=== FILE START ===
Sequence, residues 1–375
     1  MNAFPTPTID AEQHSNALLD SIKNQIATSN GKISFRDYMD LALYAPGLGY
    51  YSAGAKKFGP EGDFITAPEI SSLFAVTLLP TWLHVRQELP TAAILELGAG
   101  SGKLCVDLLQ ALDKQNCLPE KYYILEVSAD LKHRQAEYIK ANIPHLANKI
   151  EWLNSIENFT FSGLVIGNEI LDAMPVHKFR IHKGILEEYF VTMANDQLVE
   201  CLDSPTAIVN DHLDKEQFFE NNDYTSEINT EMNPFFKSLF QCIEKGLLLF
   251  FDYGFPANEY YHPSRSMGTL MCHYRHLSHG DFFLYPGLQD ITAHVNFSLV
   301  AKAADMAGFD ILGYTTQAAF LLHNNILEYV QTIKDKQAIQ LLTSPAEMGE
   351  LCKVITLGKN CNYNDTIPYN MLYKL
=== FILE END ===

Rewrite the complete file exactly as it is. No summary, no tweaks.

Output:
Sequence, residues 1–375
     1  MNAFPTPTID AEQHSNALLD SIKNQIATSN GKISFRDYMD LALYAPGLGY
    51  YSAGAKKFGP EGDFITAPEI SSLFAVTLLP TWLHVRQELP TAAILELGAG
   101  SGKLCVDLLQ ALDKQNCLPE KYYILEVSAD LKHRQAEYIK ANIPHLANKI
   151  EWLNSIENFT FSGLVIGNEI LDAMPVHKFR IHKGILEEYF VTMANDQLVE
   201  CLDSPTAIVN DHLDKEQFFE NNDYTSEINT EMNPFFKSLF QCIEKGLLLF
   251  FDYGFPANEY YHPSRSMGTL MCHYRHLSHG DFFLYPGLQD ITAHVNFSLV
   301  AKAADMAGFD ILGYTTQAAF LLHNNILEYV QTIKDKQAIQ LLTSPAEMGE
   351  LCKVITLGKN CNYNDTIPYN MLYKL